The natural part of him stepping up and being comfortable being on me (knee, shoulder, head or hand) came as a part of us eating together. He began to come out of the cage, over to me, and crawled onto my knee to access the food easier.

We would sing, dance or hang out on the rocker. I have a picture of him in his collar, sitting on the back of the rocker. He also liked to sit on the arm, and we would rock away... it was hang out time. I couldn't really touch him much given the collar, and the condition of his skin, other than on his head. He allowed me to give him injections without having to towel him. Fortunately, the need for that began after we had formed our communication.

No doubt - he was a special bird, and he took quickly to my inept style and use of my 'instincts'. I feel he must have cut me a lot of slack as I worked hard to not force myself or intrude on him. I can only guess that he allowed me to give him the injections because he knew it was necessary. I could gently place my hand on his back, and give him the shot into his breast muscle, place some betadine on his exposed skin, and we got that over as quick as possible.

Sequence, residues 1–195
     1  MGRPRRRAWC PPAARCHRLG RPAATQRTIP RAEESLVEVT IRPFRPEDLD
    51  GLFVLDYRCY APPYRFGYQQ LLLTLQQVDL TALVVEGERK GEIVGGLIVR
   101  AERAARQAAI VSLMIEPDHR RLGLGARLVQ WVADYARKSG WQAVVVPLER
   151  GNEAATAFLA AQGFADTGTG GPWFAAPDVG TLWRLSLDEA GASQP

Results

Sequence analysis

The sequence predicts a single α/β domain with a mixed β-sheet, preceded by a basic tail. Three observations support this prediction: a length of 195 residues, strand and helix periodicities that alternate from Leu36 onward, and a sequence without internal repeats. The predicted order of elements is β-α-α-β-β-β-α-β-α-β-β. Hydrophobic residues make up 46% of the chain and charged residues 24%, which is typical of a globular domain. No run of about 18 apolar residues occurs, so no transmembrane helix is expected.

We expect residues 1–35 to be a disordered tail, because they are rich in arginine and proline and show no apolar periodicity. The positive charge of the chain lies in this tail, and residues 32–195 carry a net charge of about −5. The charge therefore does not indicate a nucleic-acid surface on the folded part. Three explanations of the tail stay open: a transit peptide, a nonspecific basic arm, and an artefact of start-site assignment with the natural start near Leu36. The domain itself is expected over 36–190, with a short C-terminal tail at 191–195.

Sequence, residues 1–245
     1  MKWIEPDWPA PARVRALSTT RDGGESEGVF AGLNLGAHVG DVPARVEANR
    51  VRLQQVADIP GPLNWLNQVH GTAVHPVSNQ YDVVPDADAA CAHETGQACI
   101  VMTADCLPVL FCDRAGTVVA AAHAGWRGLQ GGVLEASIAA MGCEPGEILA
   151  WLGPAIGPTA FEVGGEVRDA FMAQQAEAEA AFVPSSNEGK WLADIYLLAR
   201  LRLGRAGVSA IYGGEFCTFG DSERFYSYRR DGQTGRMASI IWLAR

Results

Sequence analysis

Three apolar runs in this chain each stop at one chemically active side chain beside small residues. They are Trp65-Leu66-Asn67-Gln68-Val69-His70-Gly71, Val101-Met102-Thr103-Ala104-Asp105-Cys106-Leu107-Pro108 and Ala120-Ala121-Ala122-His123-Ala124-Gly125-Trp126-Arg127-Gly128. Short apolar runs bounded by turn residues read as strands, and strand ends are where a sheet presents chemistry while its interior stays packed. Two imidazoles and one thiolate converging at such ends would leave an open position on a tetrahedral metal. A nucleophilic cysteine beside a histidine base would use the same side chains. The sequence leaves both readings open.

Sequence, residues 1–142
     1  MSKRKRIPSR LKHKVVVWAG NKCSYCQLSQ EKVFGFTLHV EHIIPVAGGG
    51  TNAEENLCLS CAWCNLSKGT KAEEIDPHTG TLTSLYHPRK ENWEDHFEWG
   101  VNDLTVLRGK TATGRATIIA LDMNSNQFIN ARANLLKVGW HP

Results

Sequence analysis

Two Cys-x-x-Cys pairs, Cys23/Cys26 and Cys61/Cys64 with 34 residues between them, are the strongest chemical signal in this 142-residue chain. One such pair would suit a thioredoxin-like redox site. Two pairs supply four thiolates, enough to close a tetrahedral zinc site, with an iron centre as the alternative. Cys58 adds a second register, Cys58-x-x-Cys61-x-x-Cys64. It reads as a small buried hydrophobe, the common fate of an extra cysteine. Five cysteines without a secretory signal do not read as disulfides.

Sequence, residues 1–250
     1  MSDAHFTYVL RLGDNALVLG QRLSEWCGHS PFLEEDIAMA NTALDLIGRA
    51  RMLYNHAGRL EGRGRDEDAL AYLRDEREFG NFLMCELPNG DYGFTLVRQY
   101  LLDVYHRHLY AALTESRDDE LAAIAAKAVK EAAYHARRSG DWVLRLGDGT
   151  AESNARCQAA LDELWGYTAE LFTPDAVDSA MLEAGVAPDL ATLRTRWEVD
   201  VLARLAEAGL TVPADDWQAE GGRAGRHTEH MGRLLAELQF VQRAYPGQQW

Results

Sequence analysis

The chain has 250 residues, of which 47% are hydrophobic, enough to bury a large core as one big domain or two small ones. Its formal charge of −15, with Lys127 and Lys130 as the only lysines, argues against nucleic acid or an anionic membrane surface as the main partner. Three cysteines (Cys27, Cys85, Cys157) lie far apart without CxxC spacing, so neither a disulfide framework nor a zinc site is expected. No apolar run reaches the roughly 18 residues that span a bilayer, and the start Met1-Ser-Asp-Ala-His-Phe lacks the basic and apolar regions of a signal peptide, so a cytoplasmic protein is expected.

Beach time was a great hang out time; he would sit on the back of my beach chair. We walked back and forth with him on my shoulder. Again - me having zero experience - I had no idea that the common recommendation is to never have an amazon on your shoulder. They're too unpredictable!
And there is a certain bit of truth to that and due caution is indicated. Birdie and I didn't know that at the time. It was a natural part of the evolution of our relationship. He loved riding on my shoulder.

For countless hours we hung out at the beach, or went for car rides - him on my shoulder or a play gym that sat on the passenger seat. He rode to New Port Richey sitting on that playgym. I received a lot of intrigued looks and questions when I stopped to fill up the car on the way!

I think in another post I will tell you about Birdie's avian vet - she was special as you can imagine, and she had a resident in-office helper! A monkey named Daisy! But I will save that...

(Gosh - it is like a soap opera - a cliff hanger!)


1 comment:

Shirley Morgan said...

Thank you Robin! :-)